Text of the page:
- The Washington Times - Saturday, July 30, 2016

RICHMOND — The Washington Redskins will begin practicing in pads during Saturday’s training camp session — one of the moments players get most excited for during the grueling summer workouts.

It’s when the practices finally feel like football and the intensity ratchets up from the non-contact organized team activities that take place in the spring. It’s also when coaches can begin more earnest evaluations along the offensive and defensive line and the running game.

Redskins center Kory Lichtensteiger said he feels healthy after missing 11 regular-season games last season because of a nerve injury and Saturday’s practice — and the sessions beyond — will be a good measuring stick for the veteran center.

“I’m going into year nine so I’ve got issues, believe me,” Lichtensteiger joked. “But the nerve is fine.”

Lichtensteiger was placed on short-term injured reserve after sustaining a nerve injury in Week 5 against the Atlanta Falcons and returned for the Redskins‘ wild-card loss to the Green Bay Packers. He said he was healed in that game, but the offseason still provided Lichtensteiger the opportunity to let the nerve in his left shoulder rejuvenate.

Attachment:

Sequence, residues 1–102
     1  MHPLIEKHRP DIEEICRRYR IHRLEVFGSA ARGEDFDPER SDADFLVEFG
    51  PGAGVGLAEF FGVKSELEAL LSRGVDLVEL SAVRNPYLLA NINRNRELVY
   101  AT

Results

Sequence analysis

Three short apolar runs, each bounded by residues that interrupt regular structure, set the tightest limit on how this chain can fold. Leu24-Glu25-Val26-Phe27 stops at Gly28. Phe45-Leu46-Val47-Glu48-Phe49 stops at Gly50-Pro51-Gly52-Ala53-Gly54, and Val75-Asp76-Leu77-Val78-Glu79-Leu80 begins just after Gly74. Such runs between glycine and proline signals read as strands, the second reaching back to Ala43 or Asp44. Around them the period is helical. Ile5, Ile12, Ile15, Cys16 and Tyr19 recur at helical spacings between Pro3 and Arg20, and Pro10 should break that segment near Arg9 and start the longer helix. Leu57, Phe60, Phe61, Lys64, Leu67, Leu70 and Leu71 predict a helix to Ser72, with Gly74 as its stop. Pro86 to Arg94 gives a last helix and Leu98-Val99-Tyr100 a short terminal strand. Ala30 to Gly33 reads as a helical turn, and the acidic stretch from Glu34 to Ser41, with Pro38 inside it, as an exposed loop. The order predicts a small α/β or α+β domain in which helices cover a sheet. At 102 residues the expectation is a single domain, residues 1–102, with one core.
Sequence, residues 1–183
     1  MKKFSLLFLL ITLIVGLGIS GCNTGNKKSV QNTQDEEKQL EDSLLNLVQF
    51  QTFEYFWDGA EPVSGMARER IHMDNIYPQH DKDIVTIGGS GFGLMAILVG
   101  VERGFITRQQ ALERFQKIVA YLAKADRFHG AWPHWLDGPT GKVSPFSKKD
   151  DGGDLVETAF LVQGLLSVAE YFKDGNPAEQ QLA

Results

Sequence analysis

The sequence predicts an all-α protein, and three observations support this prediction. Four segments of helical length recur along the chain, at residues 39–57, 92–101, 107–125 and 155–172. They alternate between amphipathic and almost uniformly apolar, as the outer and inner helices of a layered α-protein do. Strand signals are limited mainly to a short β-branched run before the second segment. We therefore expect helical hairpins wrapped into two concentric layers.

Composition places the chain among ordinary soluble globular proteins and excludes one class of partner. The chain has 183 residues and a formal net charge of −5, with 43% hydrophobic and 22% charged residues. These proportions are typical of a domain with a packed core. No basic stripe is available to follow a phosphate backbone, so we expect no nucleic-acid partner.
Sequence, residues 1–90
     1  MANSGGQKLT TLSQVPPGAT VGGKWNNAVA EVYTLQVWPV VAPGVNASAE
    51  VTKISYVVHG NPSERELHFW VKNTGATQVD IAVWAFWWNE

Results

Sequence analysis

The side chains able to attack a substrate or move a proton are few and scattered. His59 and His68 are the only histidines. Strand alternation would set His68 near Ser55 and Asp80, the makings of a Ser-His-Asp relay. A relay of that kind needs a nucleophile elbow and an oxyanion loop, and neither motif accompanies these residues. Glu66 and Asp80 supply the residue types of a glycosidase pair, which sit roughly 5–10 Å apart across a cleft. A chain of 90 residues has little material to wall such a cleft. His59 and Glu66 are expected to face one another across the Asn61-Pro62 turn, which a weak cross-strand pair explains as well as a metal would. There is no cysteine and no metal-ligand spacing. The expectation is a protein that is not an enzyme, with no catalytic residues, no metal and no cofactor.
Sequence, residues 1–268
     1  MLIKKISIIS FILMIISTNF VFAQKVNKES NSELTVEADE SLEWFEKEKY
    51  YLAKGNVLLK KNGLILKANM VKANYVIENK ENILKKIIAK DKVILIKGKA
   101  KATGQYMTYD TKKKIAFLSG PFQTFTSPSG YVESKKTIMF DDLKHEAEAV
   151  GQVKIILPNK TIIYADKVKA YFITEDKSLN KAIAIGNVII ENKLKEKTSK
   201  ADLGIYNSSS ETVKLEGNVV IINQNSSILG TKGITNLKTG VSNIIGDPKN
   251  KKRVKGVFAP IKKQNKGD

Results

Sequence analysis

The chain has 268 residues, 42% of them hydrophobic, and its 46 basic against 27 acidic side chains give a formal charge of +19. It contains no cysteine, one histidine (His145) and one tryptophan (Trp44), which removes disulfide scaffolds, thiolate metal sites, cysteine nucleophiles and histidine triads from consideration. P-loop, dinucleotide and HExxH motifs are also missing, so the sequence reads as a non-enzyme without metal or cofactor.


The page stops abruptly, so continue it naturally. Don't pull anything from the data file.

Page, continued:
“I mean we had to keep working it, that’s part of it,” Lichtensteiger said. “But it wasn’t one of those things where exercise is going to bring it back. The nerve has to heal on its own and the inflammation had to go down on its own. It was a funny thing.”

The Redskins‘ offensive line play suffered without Lichtensteiger and his astute knowledge of the offense. Washington turned to Josh LeRibeus, who transitioned from left guard to center, and struggled managing the snap count and the accuracy of his snaps.

Unfortunately for the Redskins, they couldn’t evaluate Lichtensteiger for long because of their early playoff exit. Through OTAs and the early portion of training camp, the Redskins have enjoyed having Lichtensteiger back at the line of scrimmage and will be watching closely to see how he responds Saturday once the pads come on.

“He’s looked good,” Gruden said. “We’ll see when he gets the pads on. Obviously, Kory is very, very important because he’s so smart. His snaps are always on point. He handles all of the snap counts and he communicates extremely well with the runs and the pass protections. Very few times does Kirk [Cousins] have to trump him as far as protections are concerned, so Kory is like the quarterback of the offensive line. He looks good and I think he feels good. I think he’s at full strength.”

Sign up for Daily Newsletters

Manage Newsletters

Copyright © 2020 The Washington Times, LLC. Click here for reprint permission.

Please read our comment policy before commenting.

 

Click to Read More and View Comments

Click to Hide